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Suggested Citation:"2. Microbe Resistance." Institute of Medicine. 2003. The Resistance Phenomenon in Microbes and Infectious Disease Vectors: Implications for Human Health and Strategies for Containment: Workshop Summary. Washington, DC: The National Academies Press. doi: 10.17226/10651.
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2
Microbe Resistance

OVERVIEW

Since the discovery and subsequent widespread use of antimicrobials, a variety of pathogenic viruses, bacteria, protozoa, and helminths have developed numerous mechanisms that render them resistant to some—and, in certain cases, to nearly all—antimicrobial agents. The focus of this session of the workshop was on exploring some of the latest information emerging about how various important pathogens develop resistance to drugs and how such resistance might be overcome.

The bacterial strains staphylococci, enterococci, and pneumococci pose some of the most serious problems in terms of antimicrobial resistance. Scientists have now acquired detailed information about how these bacteria develop drug resistance. In staphylococci, for example, optimization of resistance depends on the operation of a complex pathway involving a central resistance gene and a number of auxiliary genes. Thus, developing drugs that specifically target any of these genes holds potential for reducing the microbe’s drug resistance. A second novel intervention would target the ecology of these types of bacteria. For example, penicillin-resistant strains of pneumonia bacteria have been found to breed prolifically in the nasopharynx of preschool-age children, particularly those who attend day care centers. Devising interventions to limit antimicrobial exposure might help reduce the genetic propensity of these bacteria to develop drug resistance.

Malaria and schistosomiasis are major health threats in the developing

Suggested Citation:"2. Microbe Resistance." Institute of Medicine. 2003. The Resistance Phenomenon in Microbes and Infectious Disease Vectors: Implications for Human Health and Strategies for Containment: Workshop Summary. Washington, DC: The National Academies Press. doi: 10.17226/10651.
×

world. Chloroquine was historically the primary drug for treating malaria, but its widespread use has led to increasing microbial resistance. Scientists have now identified a particular type of mutation at a specific location on a single gene as being critical in the development of resistance, and efforts are now under way to develop new drugs that target this resistance mechanism. Praziquantel is the only drug now available to treat schistosomiasis. Since the drug has been in use for more than two decades, concerns are mounting that the parasitic worms that transmit the disease from snails to humans are beginning to become resistant. Among the immediate needs, praziquantel’s effectiveness can be prolonged by more selective use, with treatment targeted only to those people at greatest risk for heavy infection and morbidity, as well as by the use of integrated disease management practices, such as snail control, health education, and improved sanitation. At the same time, new drug development needs to continue in anticipation of the eventual failure of praziquantel efficacy.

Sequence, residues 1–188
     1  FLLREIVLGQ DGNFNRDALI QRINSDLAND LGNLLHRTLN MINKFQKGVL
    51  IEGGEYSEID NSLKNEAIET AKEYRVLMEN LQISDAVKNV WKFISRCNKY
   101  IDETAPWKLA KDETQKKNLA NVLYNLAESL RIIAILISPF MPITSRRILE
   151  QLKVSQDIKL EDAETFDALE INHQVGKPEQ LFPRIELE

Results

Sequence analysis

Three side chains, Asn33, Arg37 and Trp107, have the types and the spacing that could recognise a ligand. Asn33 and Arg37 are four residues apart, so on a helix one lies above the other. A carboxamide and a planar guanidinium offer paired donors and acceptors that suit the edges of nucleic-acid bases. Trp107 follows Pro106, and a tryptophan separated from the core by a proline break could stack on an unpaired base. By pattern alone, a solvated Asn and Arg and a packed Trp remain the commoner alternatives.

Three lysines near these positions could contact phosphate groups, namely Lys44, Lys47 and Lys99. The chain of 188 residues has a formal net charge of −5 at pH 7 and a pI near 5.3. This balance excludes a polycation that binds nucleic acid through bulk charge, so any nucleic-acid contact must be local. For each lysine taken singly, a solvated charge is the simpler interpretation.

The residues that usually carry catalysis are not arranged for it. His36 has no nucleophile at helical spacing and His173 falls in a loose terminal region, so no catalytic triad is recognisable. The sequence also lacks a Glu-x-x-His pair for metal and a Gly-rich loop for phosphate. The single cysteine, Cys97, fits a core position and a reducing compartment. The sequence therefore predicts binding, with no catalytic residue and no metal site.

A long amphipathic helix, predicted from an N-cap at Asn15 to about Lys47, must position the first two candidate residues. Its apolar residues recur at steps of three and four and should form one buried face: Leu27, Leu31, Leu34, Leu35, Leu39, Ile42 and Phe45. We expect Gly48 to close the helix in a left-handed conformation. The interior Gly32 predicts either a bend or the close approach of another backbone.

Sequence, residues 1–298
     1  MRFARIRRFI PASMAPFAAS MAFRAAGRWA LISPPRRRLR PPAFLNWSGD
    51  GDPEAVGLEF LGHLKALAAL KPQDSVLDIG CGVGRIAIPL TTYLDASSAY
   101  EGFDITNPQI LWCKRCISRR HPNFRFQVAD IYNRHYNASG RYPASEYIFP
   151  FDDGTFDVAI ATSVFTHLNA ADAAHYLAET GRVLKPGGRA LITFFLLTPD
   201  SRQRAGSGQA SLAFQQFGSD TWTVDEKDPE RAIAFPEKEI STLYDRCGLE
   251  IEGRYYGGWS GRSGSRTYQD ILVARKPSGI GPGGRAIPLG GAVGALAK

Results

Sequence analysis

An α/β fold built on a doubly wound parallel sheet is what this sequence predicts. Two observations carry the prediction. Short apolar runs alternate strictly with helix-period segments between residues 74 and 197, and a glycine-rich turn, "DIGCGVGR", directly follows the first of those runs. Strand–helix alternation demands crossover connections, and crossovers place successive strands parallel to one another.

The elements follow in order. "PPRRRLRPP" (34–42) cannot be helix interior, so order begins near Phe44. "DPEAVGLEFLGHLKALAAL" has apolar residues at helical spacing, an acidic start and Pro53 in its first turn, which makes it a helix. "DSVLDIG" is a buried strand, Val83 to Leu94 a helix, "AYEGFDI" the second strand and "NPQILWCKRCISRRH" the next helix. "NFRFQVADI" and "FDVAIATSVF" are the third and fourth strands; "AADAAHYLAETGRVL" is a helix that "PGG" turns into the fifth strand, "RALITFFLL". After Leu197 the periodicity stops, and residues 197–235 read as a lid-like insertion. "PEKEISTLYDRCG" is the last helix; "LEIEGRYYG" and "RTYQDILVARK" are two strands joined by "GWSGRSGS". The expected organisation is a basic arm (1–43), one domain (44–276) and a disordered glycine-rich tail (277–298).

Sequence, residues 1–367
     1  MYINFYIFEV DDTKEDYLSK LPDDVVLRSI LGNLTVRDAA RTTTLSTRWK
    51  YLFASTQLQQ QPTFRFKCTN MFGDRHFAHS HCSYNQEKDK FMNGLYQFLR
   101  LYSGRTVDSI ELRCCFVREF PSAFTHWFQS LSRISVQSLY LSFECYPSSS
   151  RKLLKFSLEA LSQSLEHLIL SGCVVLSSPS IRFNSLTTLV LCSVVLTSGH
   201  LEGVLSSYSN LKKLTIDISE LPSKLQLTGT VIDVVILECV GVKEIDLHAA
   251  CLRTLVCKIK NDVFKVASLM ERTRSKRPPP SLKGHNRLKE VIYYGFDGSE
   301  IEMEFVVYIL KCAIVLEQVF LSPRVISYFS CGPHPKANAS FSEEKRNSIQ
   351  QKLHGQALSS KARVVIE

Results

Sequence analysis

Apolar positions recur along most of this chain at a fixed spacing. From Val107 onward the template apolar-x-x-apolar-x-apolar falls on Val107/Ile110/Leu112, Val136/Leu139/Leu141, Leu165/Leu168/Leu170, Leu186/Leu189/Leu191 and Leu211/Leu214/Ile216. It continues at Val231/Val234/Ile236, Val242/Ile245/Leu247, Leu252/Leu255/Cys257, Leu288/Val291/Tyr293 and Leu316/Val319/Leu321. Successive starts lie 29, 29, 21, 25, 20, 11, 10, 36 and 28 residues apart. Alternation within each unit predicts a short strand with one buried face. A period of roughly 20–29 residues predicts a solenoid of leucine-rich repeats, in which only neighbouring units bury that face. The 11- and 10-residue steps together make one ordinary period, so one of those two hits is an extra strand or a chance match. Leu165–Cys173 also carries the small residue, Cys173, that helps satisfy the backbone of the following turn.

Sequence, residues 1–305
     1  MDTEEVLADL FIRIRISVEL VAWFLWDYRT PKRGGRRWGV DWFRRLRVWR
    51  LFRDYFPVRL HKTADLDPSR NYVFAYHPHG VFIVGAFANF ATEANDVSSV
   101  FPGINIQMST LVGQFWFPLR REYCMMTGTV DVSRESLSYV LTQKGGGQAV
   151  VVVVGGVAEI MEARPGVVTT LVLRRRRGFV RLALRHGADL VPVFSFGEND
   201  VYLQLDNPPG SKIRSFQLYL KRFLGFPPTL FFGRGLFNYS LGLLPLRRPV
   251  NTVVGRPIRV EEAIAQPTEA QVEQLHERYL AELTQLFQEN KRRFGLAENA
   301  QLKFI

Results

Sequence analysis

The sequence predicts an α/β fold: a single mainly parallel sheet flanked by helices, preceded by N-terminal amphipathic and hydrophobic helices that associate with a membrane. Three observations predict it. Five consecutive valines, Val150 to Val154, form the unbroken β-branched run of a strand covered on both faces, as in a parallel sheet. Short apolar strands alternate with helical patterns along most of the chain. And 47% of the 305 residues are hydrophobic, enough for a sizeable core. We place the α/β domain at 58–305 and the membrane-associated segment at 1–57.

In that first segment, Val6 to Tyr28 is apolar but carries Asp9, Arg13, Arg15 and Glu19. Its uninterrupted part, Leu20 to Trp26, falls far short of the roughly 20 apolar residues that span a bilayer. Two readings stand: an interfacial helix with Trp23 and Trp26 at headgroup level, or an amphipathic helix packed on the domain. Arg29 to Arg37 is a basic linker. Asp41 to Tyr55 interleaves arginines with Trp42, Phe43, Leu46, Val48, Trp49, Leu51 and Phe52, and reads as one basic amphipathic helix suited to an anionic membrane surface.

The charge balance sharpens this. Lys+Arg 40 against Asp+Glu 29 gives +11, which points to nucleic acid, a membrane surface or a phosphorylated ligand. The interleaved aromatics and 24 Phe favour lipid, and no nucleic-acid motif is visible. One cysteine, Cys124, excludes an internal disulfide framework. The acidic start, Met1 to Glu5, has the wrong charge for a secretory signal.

Influenza is a global threat to health. Vaccines represent the first line of defense against the flu, with a new vaccine being developed and distributed each year in response to the changing genetic composition of the causative virus. Still, vaccines are not a total answer, and several classes of antiviral drugs have been developed to treat infected individuals. Two antivirals— amantadine and rimantadine—have been around since the 1960s. Although effective in some circumstances, both types of drugs suffer from drug-resistance problems. Another family of newer drugs, called neuraminidase inhibitors, shows even more promise, as these formulations appear to pose a reduced risk of triggering resistance. A major problem, however, is that the pharmaceutical companies that produce these newer drugs are not making enough doses to cover medical needs in the event—certain to happen at some point—that a highly modified and virulent form of the influenza virus emerges from the animal world and spreads among the human population worldwide.